Babywearing in the time of Coronavirus

By Dr. Rosie Knowles

We are certainly living in challenging times with the coronavirus, a global pandemic, schools and businesses being closed, restrictions placed on social activities, increased pressure on the health services, and a high level of collective anxiety. 

Three of us in the local Sheffield sling scene felt inspired to write this blog post. We have all experienced how the closeness and connection of hands-free babywearing can help people survive very difficult situations and found it very therapeutic and calming. We wanted a community resource to serve our local community at this complicated and scary time. 

In the last few days there have been several references and comparisons made to “being at war” with the coronavirus, and how this government has to respond as if it were a wartime government, with sweeping powers over its people and institutions. This thread (contains swearing) on Twitter helped us make the connection between this “wartime” analogy and our own personal response to the situation. Several of the authors of this post have experienced trauma-based mental health problems for a number of years, and as part of their recovery and healing they have done a lot of research into this area, as have those of us in supportive and educational roles.

We can all see the effects of trauma in people’s behaviour, actions and reactions. We can see it in our own reactions.

It is pretty common knowledge how many soldiers experience trauma during war, so it is not a big stretch to see how we, as untrained and unprepared civilians, are going to be experiencing traumatic reactions to our attempts at fighting the pandemic caused by coronavirus (Covid-19). 

The human brain has several fall-back mechanisms to ensure the safety and survival of the body when the world feels very unsafe. They developed millennia ago and can be described as our “cave people” instincts: hunting and gathering and fighting for survival and self-protection. 

  • The brain can suppress feelings of helplessness and terror and put the body onto a form of autopilot, keeping it functioning whatever is going on. 
  • The brain can move the body into a heightened state of action, helping it to flee from danger or protect itself and its loved ones. The brain can freeze the body into stillness if flight is impossible. 
  • The brain can even detach the mind from what is happening to the body (dissociation). 

These all have long term consequences for the body’s physical and mental health, which are closely connected. 

Trauma is powerful; and knowing more about its effects allows us to find ways to heal ourselves and to have compassion and understanding for others. 

People who are panic buying toilet roll or dried goods are displaying a reaction to the trauma they are experiencing: the fear, anxiety and uncertainty that come due to a lack of reliable information and an unseen enemy. They are not making a conscious choice to be selfish or refusing to think of others. The cognitive part of their brain has lost its normal control over their reactions; they are not really thinking at all, but reacting to their internal fears and protecting themselves.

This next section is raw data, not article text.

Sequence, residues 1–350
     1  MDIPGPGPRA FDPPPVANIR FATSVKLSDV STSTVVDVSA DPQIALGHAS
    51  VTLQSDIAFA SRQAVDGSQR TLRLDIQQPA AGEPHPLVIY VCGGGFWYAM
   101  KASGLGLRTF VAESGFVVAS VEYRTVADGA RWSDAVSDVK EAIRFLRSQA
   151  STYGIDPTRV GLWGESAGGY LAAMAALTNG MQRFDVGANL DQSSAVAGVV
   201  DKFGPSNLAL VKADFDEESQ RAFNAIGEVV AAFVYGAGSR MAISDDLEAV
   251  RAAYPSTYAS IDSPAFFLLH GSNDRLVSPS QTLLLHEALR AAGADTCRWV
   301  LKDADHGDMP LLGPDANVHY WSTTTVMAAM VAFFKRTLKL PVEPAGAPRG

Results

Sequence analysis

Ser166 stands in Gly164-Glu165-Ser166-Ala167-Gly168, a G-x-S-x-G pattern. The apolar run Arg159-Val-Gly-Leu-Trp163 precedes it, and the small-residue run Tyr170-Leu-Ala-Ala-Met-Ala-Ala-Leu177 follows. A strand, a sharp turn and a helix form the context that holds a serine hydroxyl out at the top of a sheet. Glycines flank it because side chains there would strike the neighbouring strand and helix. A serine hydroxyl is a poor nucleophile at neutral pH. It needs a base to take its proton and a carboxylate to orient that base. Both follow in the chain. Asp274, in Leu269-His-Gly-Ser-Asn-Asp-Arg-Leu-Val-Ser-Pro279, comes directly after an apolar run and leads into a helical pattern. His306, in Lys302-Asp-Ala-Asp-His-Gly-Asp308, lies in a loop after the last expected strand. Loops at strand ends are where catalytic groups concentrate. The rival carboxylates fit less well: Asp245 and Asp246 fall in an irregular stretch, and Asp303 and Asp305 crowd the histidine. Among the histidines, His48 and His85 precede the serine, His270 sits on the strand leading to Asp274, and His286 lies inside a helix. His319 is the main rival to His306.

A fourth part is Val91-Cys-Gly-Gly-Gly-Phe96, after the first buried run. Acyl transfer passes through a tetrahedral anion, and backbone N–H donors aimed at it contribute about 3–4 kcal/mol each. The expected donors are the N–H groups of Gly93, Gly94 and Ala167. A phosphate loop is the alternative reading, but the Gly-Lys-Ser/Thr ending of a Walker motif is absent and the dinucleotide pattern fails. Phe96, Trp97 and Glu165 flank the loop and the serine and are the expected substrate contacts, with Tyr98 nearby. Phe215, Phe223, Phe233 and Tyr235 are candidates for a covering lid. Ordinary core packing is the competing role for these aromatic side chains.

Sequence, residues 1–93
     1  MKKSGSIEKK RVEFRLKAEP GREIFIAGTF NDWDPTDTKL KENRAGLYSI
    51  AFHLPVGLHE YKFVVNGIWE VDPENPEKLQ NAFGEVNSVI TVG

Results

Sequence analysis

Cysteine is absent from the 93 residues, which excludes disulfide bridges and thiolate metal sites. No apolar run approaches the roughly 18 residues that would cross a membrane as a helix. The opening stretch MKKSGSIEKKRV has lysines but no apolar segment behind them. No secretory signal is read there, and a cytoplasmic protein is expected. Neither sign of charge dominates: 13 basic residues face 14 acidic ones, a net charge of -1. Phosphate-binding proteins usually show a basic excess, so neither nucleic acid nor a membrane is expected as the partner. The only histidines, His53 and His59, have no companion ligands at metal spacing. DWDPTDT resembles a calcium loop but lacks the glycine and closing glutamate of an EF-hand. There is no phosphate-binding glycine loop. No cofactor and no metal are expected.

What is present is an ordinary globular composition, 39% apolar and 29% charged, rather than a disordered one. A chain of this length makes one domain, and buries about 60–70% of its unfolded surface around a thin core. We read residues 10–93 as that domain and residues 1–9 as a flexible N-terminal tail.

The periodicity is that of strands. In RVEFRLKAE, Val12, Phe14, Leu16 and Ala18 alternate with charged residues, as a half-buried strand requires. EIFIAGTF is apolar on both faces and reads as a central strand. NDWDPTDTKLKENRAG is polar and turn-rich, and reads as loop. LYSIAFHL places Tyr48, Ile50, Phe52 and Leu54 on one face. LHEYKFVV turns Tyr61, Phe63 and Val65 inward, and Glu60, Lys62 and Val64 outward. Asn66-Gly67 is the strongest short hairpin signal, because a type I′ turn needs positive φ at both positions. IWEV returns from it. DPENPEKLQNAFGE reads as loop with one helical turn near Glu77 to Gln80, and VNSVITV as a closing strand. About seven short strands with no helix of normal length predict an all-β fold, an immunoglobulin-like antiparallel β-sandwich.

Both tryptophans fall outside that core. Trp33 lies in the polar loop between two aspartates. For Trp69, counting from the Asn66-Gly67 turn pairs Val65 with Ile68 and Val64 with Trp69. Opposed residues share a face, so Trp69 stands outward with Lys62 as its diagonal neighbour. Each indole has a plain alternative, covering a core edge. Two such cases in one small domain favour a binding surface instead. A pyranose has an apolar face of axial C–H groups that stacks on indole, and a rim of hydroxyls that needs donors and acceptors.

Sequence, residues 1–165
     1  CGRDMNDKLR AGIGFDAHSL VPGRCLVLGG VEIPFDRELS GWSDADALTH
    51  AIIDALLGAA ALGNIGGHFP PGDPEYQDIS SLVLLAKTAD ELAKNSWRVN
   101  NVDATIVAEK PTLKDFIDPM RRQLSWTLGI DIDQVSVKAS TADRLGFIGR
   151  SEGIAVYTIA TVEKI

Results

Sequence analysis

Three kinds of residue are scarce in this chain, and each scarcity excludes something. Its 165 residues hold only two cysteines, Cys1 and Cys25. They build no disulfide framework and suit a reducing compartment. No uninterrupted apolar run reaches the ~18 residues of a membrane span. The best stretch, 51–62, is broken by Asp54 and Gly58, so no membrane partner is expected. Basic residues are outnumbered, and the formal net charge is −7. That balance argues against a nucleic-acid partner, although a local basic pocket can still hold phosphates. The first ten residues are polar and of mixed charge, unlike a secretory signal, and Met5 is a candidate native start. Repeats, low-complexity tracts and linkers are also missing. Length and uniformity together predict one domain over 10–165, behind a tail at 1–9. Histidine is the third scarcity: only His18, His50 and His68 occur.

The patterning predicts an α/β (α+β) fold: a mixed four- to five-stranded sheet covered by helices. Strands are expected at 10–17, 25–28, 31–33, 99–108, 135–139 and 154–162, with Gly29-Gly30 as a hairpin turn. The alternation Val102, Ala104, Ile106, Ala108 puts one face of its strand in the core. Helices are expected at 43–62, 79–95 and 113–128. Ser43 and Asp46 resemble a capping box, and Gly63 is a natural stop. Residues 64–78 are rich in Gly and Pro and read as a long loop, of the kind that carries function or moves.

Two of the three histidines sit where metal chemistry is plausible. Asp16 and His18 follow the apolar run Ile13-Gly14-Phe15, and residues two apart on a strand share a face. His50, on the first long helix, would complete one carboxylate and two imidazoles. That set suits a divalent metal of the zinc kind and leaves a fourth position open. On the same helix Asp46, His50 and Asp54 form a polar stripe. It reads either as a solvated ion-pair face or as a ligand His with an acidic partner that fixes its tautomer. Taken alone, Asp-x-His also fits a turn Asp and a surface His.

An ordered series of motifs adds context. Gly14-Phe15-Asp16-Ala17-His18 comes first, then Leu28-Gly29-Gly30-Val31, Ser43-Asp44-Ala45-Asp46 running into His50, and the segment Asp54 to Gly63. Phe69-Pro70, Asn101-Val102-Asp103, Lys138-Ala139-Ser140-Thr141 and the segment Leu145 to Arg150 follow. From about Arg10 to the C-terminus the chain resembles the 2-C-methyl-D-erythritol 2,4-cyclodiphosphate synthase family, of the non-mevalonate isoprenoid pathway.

Other people are carrying on as normal, as if nothing was happening. This is another form of response to trauma, denying that the traumatic situation even exists.

It can be hard to believe that the storm is building fast on the horizon, when the sun is still shining in your back yard. It can feel easier to ignore it than to watch it coming and have to deal with it and make changes to normal life. Some people can feel detached from the world entirely, as if it isn’t real or that it’s all part of a story, a form of derealisation. 

These are not “thought through”, rational reactions, but automatic responses to traumatic events for self-protection. 

The effects of trauma can be physical as well as mental 

Stress and anxiety have physical consequences too: racing heart, chest discomfort, burning feelings, sweating, insomnia, loss of appetite, etc. Some people notice odd symptoms that they would normally ignore but take on extra significance during all the uncertainty. Normal life feels exhausting, because living with trauma, fighting a threat and trying to protect yourself is draining and takes up a huge amount of energy. 

Does this feel like your experience? 

Right now, as the news gets worse and the impact is being felt, our brains have effectively rung the fire alarm. When this happens, our logical cognitive brains shut down and focus on fighting the fire (or the trauma), and our bodies respond. Our children will also be experiencing this trauma, seeing the normal routines of their lives upset, watching and feeling their parent’s tension, so their reactions may seem unusual, and their behaviour out of place. 

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